The grooming staple I’m never without is perfume. I always use the same two: Ambre Nuit by Dior, and L’Eau d’Hiver by Frédéric Malle for daytime. They aren’t spicy, they are very dry. I don’t like sweet perfumes. I like Ambre Nuit because it is direct and secretive – the amber is softened by velvety accents that are quite sensual.
If I weren’t doing what I do, I would be a musician – I love classical music, which for me is incontrovertibly beautiful beyond any form of personal taste.
The best property advice I’ve ever been given is to buy our new house in Tuscany, advice that came from my wife. She’s more cautious than me when it comes to investing, more reflective. We have just bought an 18th-century house in Pietrasanta. It’s a priceless home: just two hours from Milan, close to the sea, but not too close to Forte dei Marmi’s tourists; it’s less crowded than being right on the coast and the temperature is fresher. It’s an oasis, one of the best purchases of my life.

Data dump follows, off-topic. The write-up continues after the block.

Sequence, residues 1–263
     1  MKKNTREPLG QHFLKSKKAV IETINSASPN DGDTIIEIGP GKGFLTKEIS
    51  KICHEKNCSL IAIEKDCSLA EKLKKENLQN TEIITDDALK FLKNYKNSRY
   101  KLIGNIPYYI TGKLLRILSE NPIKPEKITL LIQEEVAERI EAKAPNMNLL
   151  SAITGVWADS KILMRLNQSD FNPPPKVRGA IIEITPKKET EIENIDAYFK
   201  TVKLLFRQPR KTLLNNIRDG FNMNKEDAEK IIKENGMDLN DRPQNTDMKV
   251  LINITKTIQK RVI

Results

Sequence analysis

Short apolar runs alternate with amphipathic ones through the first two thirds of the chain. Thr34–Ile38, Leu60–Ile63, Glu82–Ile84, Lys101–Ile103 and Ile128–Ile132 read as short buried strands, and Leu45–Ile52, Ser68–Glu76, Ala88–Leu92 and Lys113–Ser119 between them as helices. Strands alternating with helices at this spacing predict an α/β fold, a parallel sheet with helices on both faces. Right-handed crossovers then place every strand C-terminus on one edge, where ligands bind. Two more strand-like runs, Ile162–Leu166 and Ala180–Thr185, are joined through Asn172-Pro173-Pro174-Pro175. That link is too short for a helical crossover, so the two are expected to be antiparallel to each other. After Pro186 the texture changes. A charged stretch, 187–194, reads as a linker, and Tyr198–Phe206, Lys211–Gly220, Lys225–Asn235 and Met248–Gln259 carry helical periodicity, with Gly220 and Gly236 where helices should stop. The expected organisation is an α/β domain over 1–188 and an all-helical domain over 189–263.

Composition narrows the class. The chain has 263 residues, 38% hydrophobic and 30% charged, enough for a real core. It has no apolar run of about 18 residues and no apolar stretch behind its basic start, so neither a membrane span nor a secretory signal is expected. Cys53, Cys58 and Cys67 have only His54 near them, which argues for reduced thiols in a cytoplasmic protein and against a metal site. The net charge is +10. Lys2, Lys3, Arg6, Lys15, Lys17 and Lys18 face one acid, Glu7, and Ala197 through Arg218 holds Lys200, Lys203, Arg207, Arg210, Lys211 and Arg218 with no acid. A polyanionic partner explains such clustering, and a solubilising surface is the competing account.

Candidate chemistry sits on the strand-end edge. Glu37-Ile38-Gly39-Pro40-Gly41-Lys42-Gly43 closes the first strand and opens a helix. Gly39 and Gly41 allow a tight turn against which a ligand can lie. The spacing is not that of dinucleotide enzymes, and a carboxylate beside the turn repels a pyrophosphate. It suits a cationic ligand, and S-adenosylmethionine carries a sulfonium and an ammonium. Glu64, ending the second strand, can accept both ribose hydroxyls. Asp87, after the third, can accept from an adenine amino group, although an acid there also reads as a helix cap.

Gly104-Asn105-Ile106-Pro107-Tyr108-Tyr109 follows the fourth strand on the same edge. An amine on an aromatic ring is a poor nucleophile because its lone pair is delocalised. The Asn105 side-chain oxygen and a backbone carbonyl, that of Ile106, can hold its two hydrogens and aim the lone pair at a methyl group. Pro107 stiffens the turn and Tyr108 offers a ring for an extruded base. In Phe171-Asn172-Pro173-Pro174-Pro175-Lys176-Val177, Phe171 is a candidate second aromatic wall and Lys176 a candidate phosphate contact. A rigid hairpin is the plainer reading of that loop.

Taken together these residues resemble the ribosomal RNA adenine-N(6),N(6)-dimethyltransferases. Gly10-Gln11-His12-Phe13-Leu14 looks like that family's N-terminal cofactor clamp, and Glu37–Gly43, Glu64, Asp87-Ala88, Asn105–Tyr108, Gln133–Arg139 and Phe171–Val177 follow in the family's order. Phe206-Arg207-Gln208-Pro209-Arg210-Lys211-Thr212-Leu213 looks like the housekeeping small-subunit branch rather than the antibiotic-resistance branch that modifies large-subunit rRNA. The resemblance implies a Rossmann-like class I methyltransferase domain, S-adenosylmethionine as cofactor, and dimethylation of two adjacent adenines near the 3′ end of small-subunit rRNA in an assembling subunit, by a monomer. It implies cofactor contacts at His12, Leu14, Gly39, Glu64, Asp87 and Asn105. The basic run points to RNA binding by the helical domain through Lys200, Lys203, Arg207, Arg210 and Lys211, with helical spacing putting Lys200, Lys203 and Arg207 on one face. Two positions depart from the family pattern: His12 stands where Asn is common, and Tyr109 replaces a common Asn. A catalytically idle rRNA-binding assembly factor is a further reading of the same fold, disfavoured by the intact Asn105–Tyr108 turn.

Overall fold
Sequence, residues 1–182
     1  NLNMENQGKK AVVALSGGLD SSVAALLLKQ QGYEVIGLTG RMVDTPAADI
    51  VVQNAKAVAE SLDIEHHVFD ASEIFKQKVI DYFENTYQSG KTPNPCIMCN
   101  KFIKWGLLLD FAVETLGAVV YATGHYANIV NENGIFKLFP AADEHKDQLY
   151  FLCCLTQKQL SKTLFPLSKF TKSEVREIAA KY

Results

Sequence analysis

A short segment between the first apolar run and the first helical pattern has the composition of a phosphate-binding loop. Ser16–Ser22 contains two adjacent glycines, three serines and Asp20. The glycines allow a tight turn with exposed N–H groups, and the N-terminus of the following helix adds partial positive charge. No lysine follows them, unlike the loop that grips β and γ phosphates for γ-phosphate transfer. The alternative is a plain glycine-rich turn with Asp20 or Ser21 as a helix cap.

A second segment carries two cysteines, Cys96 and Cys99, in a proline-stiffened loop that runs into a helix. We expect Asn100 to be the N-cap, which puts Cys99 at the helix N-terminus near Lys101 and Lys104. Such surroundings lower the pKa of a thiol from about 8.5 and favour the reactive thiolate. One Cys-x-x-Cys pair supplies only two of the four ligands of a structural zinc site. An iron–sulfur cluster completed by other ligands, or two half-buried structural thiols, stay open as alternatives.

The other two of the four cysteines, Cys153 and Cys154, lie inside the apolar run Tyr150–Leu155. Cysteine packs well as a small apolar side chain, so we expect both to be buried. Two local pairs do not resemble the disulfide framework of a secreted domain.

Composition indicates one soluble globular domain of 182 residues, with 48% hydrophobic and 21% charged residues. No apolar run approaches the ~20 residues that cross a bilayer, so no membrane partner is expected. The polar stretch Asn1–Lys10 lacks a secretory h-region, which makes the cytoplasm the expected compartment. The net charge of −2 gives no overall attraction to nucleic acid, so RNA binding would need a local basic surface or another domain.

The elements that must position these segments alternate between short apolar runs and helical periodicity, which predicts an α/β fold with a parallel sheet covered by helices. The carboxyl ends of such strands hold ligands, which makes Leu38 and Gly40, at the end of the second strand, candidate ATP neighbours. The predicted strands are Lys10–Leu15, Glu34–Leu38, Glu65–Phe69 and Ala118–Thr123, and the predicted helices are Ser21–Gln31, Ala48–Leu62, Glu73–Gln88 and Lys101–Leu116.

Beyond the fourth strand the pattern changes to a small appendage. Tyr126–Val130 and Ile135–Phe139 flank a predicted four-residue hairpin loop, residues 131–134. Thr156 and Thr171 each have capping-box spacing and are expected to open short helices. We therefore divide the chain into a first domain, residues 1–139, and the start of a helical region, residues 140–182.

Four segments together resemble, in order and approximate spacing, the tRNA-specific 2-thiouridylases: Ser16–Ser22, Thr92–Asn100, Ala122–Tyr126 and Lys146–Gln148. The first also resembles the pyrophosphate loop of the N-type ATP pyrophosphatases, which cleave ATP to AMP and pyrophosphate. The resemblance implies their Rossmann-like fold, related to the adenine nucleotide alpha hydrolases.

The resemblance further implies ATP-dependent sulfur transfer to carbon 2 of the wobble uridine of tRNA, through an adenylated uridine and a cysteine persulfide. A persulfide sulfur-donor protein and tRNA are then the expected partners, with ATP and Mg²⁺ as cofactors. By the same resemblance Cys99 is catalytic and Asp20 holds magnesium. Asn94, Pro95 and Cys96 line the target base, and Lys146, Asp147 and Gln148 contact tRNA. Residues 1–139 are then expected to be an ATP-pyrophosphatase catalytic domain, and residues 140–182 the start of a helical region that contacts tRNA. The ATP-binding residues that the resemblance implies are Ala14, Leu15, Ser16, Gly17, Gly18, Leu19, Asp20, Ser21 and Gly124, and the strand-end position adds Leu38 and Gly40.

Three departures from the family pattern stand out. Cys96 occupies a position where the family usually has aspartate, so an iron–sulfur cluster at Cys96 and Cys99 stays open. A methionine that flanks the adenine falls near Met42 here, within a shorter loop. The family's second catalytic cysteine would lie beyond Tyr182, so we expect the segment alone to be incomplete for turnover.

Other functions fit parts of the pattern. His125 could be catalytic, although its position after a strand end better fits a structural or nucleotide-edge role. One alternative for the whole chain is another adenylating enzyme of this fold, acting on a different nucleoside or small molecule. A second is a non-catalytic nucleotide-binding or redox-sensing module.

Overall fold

The best book I’ve read in the past year is The Unfinished Palazzo by Judith Mackrell. It’s the story of the palazzo where the Guggenheim Collection is housed and is told through the story of three women, including Peggy Guggenheim. Claudia read it and then gave it to me; I generally read more non-fiction around architecture and art.
My grooming and wellbeing gurus are my hairdresser and physio. When my hairdresser – Felisa from Aldo Coppola Rinascente – comes over, she cuts my hair by the window in the living room, as there’s not much light in the house. And I need my physio, Alberto Galbiati – I’ve never spared myself with work, even when I was young, but I love having someone who realigns my posture. So many of our movements deform our bodies, so it’s beautiful to see how with just a few movements you can bring your body back to wellness.
I’ve recently rediscovered painting. It was my first creative experience and as a boy I did a lot of it. But you need to truly decide if you want to be a painter. Still, there’s an element of it in my sculpture – my textures are handmade and painted. There’s hidden painting in everything I do.